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May 2010

Faragher-Ellerth Affirmative Defense No Bar To Liability Under New York City Human Rights Law

Zakrzewska v. The New School

In a decision likely to create challenges for employers doing business within New York City, New York's highest court has ruled that an employer faced with a discrimination claim under the New York City Human Rights Law (NYCHRL) cannot defeat liability by invoking the oft-used Faragher-Ellerth affirmative defense. In the unanimous decision of Zakrzewska v. The New School, the New York State Court of Appeals recently held that both the legislative history and the text of the NYCHRL render the Faragher-Ellerth affirmative defense inapplicable to discrimination (including harassment) and retaliation claims.

This ruling deprives employers of a critical tool to defeat NYCHRL-based discrimination claims at the summary judgment stage. Crafted by the United States Supreme Court in Faragher v. City of Boca Raton, 524 U.S. 775 (1998) and Burlington Indus. Inc. v. Ellerth, 524 U.S. 742 (1998), the Faragher-Ellerth defense shields an employer from liability for the acts of a supervisory employee unrelated to a tangible employment action, such as a discharge, demotion, or undesirable transfer. To establish this liability defense, the employer must prove that: (1) the employer exercised reasonable care to prevent and promptly correct any harassing behavior; and (2) the plaintiff-employee unreasonably failed to take advantage of any preventive or corrective opportunities provided by the employer. Employers frequently invoke the Faragher-Ellerth defense in discrimination claims brought under Title VII and even the New York State Human Rights Law (SHRL).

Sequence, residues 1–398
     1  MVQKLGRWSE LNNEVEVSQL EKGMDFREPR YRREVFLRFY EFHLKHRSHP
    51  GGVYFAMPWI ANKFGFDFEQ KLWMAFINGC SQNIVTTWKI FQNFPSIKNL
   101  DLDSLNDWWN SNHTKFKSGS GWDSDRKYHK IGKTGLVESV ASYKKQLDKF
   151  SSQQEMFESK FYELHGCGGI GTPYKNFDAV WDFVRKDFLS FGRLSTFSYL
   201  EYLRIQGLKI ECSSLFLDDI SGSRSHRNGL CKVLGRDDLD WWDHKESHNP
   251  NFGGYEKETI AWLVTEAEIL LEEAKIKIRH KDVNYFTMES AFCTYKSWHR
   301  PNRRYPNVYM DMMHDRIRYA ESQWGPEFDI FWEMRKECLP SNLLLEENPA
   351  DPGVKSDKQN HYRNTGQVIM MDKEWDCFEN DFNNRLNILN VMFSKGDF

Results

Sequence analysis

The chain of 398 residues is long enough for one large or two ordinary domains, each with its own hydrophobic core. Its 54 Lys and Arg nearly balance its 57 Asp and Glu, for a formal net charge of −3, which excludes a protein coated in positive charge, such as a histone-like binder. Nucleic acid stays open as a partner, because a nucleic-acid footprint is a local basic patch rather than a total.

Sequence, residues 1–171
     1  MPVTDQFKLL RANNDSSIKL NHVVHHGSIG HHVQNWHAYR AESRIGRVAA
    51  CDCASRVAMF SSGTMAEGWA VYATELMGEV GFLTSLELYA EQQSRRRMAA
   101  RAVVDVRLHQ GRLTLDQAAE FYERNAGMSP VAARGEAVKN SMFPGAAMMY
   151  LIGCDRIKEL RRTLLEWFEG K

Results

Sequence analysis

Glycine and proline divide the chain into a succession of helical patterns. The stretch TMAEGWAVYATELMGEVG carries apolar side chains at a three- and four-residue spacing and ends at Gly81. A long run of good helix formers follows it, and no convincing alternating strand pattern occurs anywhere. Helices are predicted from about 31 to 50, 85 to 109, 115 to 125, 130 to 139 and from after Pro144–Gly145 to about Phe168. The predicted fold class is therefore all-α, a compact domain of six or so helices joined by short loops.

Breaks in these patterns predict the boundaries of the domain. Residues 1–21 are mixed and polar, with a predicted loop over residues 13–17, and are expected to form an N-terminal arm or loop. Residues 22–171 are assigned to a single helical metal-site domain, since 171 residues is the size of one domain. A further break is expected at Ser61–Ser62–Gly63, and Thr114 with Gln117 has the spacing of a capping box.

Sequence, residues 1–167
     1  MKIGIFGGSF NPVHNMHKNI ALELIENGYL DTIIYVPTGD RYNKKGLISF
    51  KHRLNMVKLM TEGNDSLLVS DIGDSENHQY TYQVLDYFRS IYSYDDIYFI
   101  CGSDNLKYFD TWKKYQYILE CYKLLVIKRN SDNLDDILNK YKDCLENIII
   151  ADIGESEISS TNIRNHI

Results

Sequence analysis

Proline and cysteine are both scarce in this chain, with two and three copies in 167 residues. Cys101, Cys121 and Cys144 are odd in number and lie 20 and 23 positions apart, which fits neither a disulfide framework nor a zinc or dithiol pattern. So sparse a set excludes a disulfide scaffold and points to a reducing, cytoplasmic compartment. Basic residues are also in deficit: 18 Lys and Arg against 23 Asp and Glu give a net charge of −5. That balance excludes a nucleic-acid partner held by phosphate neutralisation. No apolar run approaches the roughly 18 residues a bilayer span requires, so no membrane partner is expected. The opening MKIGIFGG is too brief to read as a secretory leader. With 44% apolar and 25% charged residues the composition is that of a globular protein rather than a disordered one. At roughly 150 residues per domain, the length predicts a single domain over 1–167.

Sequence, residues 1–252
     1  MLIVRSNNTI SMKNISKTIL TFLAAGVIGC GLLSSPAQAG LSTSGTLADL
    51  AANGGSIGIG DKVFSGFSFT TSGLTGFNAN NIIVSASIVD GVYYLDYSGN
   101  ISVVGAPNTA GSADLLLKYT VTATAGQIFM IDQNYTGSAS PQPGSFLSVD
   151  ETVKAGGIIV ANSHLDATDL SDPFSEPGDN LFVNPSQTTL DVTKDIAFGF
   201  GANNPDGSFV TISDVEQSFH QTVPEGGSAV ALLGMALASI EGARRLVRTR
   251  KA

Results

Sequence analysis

However, it is now clear that this liability defense is unavailable in NYCHRL claims. In barring this defense, the Court focused on the language in the NYCHRL, specifically Section 8-107(13)(b), which imposes strict liability on the employer for the acts of an agent or employee who "exercised managerial or supervisory responsibility." Thus, the Court held, "the plain language of the NYCHRL precludes the Faragher-Ellerth defense" in harassment and retaliation claims predicated on the NYCHRL.

In so holding, the Court rejected the employer's arguments that the strict liability aspect of the NYCHRL conflicted with the New York State Constitution, the SHRL, and public policy. The Court further rejected the employer's argument that Zakrzewska was inconsistent with its prior decision in Forrest v. Jewish Guild for the Blind, 3 N.Y.3d 295 (N.Y. 2004). The Court held that a footnote in Forrest pointing to federal case law as a paradigm for analyzing NYCHRL claims did not establish the applicability of Faragher-Ellerth.

There is, however, a silver lining in Zakrzewska. Although the decision precludes an employer from using Faragher-Ellerth to defeat liability, it can still be used to minimize damages. To that end, the Court noted that under the NYCHRL, "an employer's anti-discrimination policies and procedures" – the core of Faragher-Ellerth – "may be considered in mitigation of the amount of civil penalties or punitive damages recoverable in a civil action."

Employment Law

Employment Law